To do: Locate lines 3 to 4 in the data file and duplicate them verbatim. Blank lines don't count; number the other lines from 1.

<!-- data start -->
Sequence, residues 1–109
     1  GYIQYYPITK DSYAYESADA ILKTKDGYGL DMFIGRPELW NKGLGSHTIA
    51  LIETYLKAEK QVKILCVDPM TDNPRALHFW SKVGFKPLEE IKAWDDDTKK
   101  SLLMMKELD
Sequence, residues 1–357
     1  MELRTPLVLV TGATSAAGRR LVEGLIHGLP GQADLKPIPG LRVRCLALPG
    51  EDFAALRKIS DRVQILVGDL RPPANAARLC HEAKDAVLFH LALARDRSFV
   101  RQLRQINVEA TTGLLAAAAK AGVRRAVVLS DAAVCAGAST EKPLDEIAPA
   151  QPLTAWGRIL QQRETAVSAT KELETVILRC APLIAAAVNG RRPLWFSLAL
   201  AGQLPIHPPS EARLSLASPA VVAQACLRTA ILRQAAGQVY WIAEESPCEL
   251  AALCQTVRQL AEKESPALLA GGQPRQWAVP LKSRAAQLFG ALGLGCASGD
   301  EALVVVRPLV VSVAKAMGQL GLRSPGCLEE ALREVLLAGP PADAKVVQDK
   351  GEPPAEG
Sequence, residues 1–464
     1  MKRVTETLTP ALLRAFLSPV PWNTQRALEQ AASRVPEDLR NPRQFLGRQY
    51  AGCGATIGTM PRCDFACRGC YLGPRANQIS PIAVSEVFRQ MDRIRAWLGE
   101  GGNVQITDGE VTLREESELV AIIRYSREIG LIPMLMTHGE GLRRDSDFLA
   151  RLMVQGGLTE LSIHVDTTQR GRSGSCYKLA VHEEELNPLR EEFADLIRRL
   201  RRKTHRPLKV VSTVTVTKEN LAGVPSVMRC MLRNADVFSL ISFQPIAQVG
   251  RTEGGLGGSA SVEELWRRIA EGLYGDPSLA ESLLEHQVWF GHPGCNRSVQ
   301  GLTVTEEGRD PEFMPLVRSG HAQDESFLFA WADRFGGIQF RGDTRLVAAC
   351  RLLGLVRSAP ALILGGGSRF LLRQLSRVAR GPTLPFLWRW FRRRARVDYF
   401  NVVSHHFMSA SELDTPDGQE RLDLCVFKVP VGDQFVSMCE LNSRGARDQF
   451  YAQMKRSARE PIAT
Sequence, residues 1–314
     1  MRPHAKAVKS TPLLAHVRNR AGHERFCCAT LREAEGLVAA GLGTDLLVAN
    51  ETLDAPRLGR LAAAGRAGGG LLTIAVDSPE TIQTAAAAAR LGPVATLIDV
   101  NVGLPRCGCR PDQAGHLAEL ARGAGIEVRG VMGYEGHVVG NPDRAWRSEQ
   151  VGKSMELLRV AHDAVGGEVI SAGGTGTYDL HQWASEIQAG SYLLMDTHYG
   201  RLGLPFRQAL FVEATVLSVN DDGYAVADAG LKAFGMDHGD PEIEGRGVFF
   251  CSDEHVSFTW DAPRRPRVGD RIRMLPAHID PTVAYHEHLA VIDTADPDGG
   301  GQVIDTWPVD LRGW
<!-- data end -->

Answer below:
    51  LIETYLKAEK QVKILCVDPM TDNPRALHFW SKVGFKPLEE IKAWDDDTKK
   101  SLLMMKELD